GPs have an important role to play in the management of not just of acute problems but also of chronic diseases and the treatment of patients with multiple health conditions, particularly in an ever increasing older population. Balancing and treating multiple problems with a patient’s general health, independence and social care can be complex and challenging, but also rewarding as a GP will know these patients very well.

GPs play a significant role in cardiovascular, metabolic and respiratory diseases and mental health problems. They may run clinics at the surgery for patients with chronic conditions such as asthma, hypertension and diabetes.

“It’s really satisfying to be able to successfully treat patients in the community and in their own homes when possible” Catherine Brown is a trainee GP based in Lerwick, the Shetland Islands’ main town.

Read Catherine’s story

Common procedures/interventions

  • performing clinical examinations of patients to assess, diagnose and monitor a patient’s condition – these are wide-ranging and may involve the use of specialist equipment such as a stethoscope or otoscope (an instrument for examining the ear)
  • carrying out tests within the surgery such as urine sample testing to assist with diagnosis
  • interpreting findings from investigations such as blood tests to help reach a diagnosis
  • using basic life support skills and emergency procedures such as defibrillation where necessary

What else do GPs do?

The work can vary depending on whether you are a GP partner or a salaried GP.

Salaried GPs:

  • are employed by the practice and receive a set salary on a scale according to your experience
  • receive all the benefits of being employed, such as sick-pay, holiday and maternity pay
  • are mostly involved with clinical work
  • have less say in the way a practice is run
  • can change jobs fairly easily

GP Partners:

  • are self employed and are effectively running a small business
  • receive a share of the profits of the practice –  with the potential for higher earnings
  • pay their own tax and do not receive benefits such as sick-pay, holiday and maternity pay
  • are still involved with clinical work, but also share responsibility with the other partners for decision-making and the ultimate survival of the practice. This includes the financial aspects of keeping the business afloat and employing staff whilst ensuring the practice provides high quality care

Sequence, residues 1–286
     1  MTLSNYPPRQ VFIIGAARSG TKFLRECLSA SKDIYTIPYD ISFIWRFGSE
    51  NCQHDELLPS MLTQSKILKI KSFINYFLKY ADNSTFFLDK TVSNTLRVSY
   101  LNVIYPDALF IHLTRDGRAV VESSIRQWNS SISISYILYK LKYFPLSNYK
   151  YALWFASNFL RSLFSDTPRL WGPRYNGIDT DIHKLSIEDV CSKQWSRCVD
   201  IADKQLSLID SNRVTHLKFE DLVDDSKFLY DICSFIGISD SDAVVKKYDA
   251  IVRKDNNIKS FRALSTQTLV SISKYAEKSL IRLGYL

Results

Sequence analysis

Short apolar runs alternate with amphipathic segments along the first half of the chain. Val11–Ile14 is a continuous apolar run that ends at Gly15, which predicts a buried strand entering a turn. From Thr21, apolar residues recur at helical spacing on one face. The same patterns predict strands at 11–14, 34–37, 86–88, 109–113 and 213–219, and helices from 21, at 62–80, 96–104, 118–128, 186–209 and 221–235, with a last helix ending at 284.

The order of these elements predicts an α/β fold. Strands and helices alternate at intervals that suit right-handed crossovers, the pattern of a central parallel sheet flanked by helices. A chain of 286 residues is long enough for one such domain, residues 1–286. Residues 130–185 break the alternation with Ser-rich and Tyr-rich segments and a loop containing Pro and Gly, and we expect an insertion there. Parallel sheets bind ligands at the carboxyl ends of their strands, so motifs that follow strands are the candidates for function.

• are generally committed to one practice for many years, which offers great continuity for both doctors and patients
  • can influence the future direction of the practice and the range of services offered, for example deciding on the staff mix within the practice which can include employing nurse practitioners, paramedics or pharmacists to improve the running of the multidisciplinary team (MDT) and subsequent patient care
  • are responsible for the financial success of their practice, even though some GP practices employ a business manager, Business functions such as financial management, practice strategy and policy, service development and recruitment are all part of the job.

Whether you are a salaried GP or a partner, administration is a big part of the work. This includes reading and acting on letters received from hospital specialists and patients, signing repeat prescriptions, death certificates, statements of fitness for work and preparing letters and reports. GPs also carry out audits to improve systems and outcomes of care as part of the Quality and Outcomes (QOF) targets system. Regular staff meetings are also part of life in general practice.

There are lots of other opportunities to develop your role in general practice and embrace special interests. See the section “Where the role can lead” for more information.

Want to learn more?

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​And visit the Royal College of General Practitioners website for information about the Think GP campaign.